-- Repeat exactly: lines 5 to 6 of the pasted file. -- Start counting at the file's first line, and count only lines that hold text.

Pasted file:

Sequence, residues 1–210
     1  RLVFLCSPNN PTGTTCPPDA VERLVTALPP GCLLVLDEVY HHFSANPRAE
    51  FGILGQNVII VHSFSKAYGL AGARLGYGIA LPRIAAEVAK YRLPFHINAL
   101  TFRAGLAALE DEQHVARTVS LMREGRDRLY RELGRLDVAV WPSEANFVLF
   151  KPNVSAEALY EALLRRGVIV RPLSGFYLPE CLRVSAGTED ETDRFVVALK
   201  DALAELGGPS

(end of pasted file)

   151  KPNVSAEALY EALLRRGVIV RPLSGFYLPE CLRVSAGTED ETDRFVVALK
   201  DALAELGGPS